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Russia set to lose another Sochi Olympic gold medal, fall into tie with U.S.

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SALZBURG, Austria (AP) — Russia is set to lose a biathlon gold medal from the 2014 Sochi Winter Olympics in a new doping case.

The International Biathlon Union on Saturday announced a two-year ban for Evgeny Ustyugov, who was part of the gold medal-winning men’s relay team six years ago, citing evidence he used the banned steroid oxandrolone around the time of the Olympics.

His results from the 2013-14 season have been disqualified, including the Olympic victory.

When confirmed by the International Olympic Committee, that will knock Russia off top spot in the Sochi medal table in terms of golds. The host nation would have 10 golds, against 11 for Norway, and 28 total medals, the joint-most along with the United States.

Germany is in line to inherit the relay gold, subject to IOC confirmation.

Ustyugov, who is also facing another anti-doping charge on another matter, denies any wrongdoing and suggested the IBU was unfairly targeting him with a series of investigations.

“I’m no longer surprised. An outrage is an outrage,” he told the Russian state news agency Tass. “Time will show who is right.”

The Salzburg-based IBU also announced a similar two-year sanction for Svetlana Sleptsova, a Russian who didn’t win any medals at Sochi, over the banned substance ostarine.

The cases are based on disputed data from the Moscow anti-doping laboratory.

The computer files were obtained last year by the World Anti-Doping Agency, which has since said it considers some of the data to have been tampered with to cover up doping. WADA has banned Russia’s name and flag from the 2020 Olympics as a consequence.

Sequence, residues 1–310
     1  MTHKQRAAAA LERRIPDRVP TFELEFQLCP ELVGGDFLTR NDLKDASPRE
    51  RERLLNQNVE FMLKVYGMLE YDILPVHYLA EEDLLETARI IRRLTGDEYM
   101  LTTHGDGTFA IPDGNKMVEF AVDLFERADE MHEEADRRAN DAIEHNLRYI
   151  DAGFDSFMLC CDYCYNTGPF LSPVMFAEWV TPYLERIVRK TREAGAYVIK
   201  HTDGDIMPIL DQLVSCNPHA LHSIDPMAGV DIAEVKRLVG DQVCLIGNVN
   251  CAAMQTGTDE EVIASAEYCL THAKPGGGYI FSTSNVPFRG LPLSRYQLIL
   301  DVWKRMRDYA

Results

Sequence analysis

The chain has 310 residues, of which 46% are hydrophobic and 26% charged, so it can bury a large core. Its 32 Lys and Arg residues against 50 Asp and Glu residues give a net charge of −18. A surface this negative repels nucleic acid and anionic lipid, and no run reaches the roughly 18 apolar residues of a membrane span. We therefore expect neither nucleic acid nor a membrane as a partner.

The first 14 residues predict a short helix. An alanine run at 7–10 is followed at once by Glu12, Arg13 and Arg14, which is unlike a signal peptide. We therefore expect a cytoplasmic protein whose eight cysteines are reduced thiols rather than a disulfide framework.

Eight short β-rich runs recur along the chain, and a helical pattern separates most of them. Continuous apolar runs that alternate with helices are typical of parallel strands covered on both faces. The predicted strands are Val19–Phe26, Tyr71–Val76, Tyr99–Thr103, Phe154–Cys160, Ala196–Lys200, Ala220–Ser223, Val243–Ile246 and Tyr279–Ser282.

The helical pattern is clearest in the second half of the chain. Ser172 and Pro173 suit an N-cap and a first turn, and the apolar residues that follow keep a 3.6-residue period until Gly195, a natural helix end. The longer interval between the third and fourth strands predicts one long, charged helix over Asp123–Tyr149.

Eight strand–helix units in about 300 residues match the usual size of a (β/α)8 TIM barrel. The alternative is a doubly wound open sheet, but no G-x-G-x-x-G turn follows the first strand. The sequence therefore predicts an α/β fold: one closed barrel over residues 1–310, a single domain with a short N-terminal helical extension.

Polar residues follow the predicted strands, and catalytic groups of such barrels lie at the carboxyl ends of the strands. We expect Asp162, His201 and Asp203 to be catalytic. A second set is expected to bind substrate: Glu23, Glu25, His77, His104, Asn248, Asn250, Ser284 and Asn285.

A WADA panel said in November that attempts were made to delete files in two biathlon cases whose details appear to match those of Ustyugov and Sleptsova, but that computer experts recovered the files.

Any appeal by Ustyugov is likely to focus on whether the data can be considered reliable evidence. Even if he wins an appeal to the Court of Arbitration for Sport, he could still face a ban in a separate doping case.

The Biathlon Integrity Unit, a new anti-doping arm of the IBU, said Thursday it charged Ustyugov with a doping violation based on unusual data in blood samples he gave between Jan. 2010 and Feb. 2014. That could potentially threaten his gold medal in mass start and relay bronze from the 2010 Olympics in Vancouver.

The IOC and WADA didn’t immediately respond to requests for comment.

MORE: Russia appeals Olympic doping ban to Court of Arbitration for Sport

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Sam Mikulak to retire from gymnastics after Tokyo Olympics

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Sam Mikulak, the U.S.’ top male gymnast, said he will retire after the Tokyo Olympics, citing a wrist injury and emotional health revelations during a forced break from the sport due to the coronavirus pandemic.

“It does sound like some pretty crazy news, but there’s a lot of factors that go into it,” Mikulak said in a YouTube video published Sunday night. “I’ve had a lot of time to think about it during quarantine.”

The 27-year-old is a two-time Olympian, six-time U.S. all-around champion and the only active U.S. male gymnast with Olympic experience.

Mikulak said he noticed significant wrist inflammation last year that was temporarily healed by a November cortisone shot. But during quarantine, the wrist worsened even though he wasn’t doing gymnastics. He took a month off from working out, but the wrist didn’t heal.

He thought for a time that he might not return to gymnastics at all. A doctor told him he would need cortisone shots for the rest of his career.

“At that point, it was really made for me that this has to be my final year of gymnastics because I don’t want to ruin myself beyond this sport,” Mikulak said.